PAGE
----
If just eating fewer calories and doing more sport should lead to weight loss, why do most diets fail? There is more to weight gain and loss than just calories and willpower – hormones and stress also play an important role.
A number of important hormones that affect metabolism and weight are leptin, ghrelin, insulin and cortisol. You can read below how these hormones work in the body.
Leptin: tells you when to stop eating
Leptin is a hormone that is produced by your adipose tissue and it tells your body when to stop eating. It regulates appetite and metabolism and it warns the brain when you store excess fat. There are also cases when your body stops responding to this hormone; this is called leptin resistance. Leptin resistance causes you to feel hungry and reduces the number of calories you burn. People who are obese basically have high levels of leptin, but the leptin signal isn’t working (leptin resistance).
Potential causes of leptin resistance are: inflammation, increased free fatty acids and high leptin levels. All three are elevated in obesity. Fortunately leptin resistance can be reversed, so there are a number of things you can do:
• Avoid processed foods
• Eat soluble fibre
• Ensure you get sufficient sleep
• Lower your triglycerides
• Eat proteins
Ghrelin: tells you that you are hungry
Ghrelin is a hormone produced by the stomach and it tells your body that you are hungry. Ghrelin informs the central nervous system about the nutritional status, regulates the calorie intake and fat content of the body, plays a role in regulating long-term body weight and prevents catabolism.
Ghrelin is an important factor in metabolic control during fasting: food intake reduces ghrelin levels and fasting causes ghrelin levels to rise. People who are overweight have low ghrelin levels.
There are some things you can do to help optimise your ghrelin levels:
– Maintain a stable weight
– Avoid long periods of dieting
– Eat more protein
– Get more sleep
Ideal ratio of ghrelin to leptin
The ideal situation within a good hormone balance is a low ghrelin level and a high leptin level. These two work together by saying: “I no longer feel hungry” (ghrelin) and “Stop eating” (leptin). Overweight people receive contradictory instructions due to leptin resistance: “I no longer feel hungry” (ghrelin) and “keep eating” (leptin).
Insulin: regulates blood sugar levels
Insulin is the hormone that regulates our blood sugar levels. Insulin plays an important role in our body. It provides blood glucose to cells for direct energy, it ensures the storage of blood sugar in your muscles (in the form of glycogen) and the burning of sugars as energy. When weight loss (or rather: the burning of body fat) is a goal, it becomes all the more important to consciously look at the food you eat and the production of insulin.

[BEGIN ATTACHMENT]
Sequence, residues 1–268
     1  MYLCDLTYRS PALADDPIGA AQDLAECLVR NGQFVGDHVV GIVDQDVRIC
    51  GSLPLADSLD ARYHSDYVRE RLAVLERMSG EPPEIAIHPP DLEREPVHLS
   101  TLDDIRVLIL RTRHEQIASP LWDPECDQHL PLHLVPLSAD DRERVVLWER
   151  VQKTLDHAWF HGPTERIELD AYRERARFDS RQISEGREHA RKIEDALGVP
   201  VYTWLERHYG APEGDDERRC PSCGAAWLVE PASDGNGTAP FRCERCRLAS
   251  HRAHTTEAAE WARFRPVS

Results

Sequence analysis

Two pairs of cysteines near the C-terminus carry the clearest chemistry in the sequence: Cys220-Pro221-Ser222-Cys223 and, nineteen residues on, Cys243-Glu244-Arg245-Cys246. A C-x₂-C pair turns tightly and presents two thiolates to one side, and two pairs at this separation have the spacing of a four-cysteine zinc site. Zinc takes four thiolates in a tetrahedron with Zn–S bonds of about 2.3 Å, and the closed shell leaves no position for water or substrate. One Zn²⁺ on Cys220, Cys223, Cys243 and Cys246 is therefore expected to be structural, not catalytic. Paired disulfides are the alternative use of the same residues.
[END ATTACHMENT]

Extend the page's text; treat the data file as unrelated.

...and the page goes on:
Glycemic Index (GI) is a measure of how quickly insulin rises after eating. If you eat foods with a high GI value, the body produces a lot of insulin, causing insulin levels to rise and the blood sugar level to drop; this disrupts and reduces the fat burning, giving you the need for sugar-rich food. The result? You feel hungry again immediately after eating. For many people, this is one of the main problems in losing weight.
A negative effect of eating many foods with a high GI value is that cells become less sensitive to insulin. The less sensitive you are to insulin, the more fat is stored. You can increase insulin sensitivity with cinnamon, chromium, gymnema sylvestre and by eating low-GI foods such as fish, vegetables, nuts and seeds. Improving insulin sensitivity ultimately results in a healthier body composition (percentage of fat).
Cortisol: helps the body deal with stress
Stress is also often accompanied by weight loss or increase. Increased stress levels affect various hormones: cortisol, DHEA and adrenaline. The hormone cortisol is often linked to weight fluctuations. Cortisol is necessary for the metabolism and it helps the body to deal with stress. It is therefore also called the stress hormone.
Cortisol affects blood sugar levels and thyroid function, and it can cause weight fluctuations and symptoms of poor metabolism, such as fatigue, depression, colds, reduced memory and poor concentration.
Relation cortisol and insulin
Cortisol and insulin are closely linked. If you experience a lot of stress, the cortisol levels increase considerably. If the cortisol level is too high, cells can develop resistance to insulin, resulting in increased blood sugar levels. This can cause weight gain and even Type 2 diabetes.
After cortisol has been raised for a longer period of time, it can collapse completely. If this happens, you feel completely disconnected. This is usually a sign of adrenal exhaustion. This can be caused by continuous and intense stress, consecutive periods of sleep deprivation and general lack of mental rest periods. Exhausted adrenal glands cause blood sugar levels to drop, resulting in hypoglycaemia, causing weight loss and low stress tolerance.
Cortisol and the thyroid gland
As mentioned before, cortisol also affects the thyroid gland. Cortisol levels facilitate the optimal hormone production of the thyroid gland with a healthy metabolism as a result. Too high or too low cortisol levels, however, cause a slow thyroid function with symptoms of poor metabolism and weight gain.
The cortisol abdominal fat cycle is a vicious circle and works as follows:
We feel stressed so our body releases cortisol that gives us energy
- our cells require more glucose and tell our brain to feed them
- we eat based on these triggers in our brains
- we become heavier and feel stressed about this weight gain.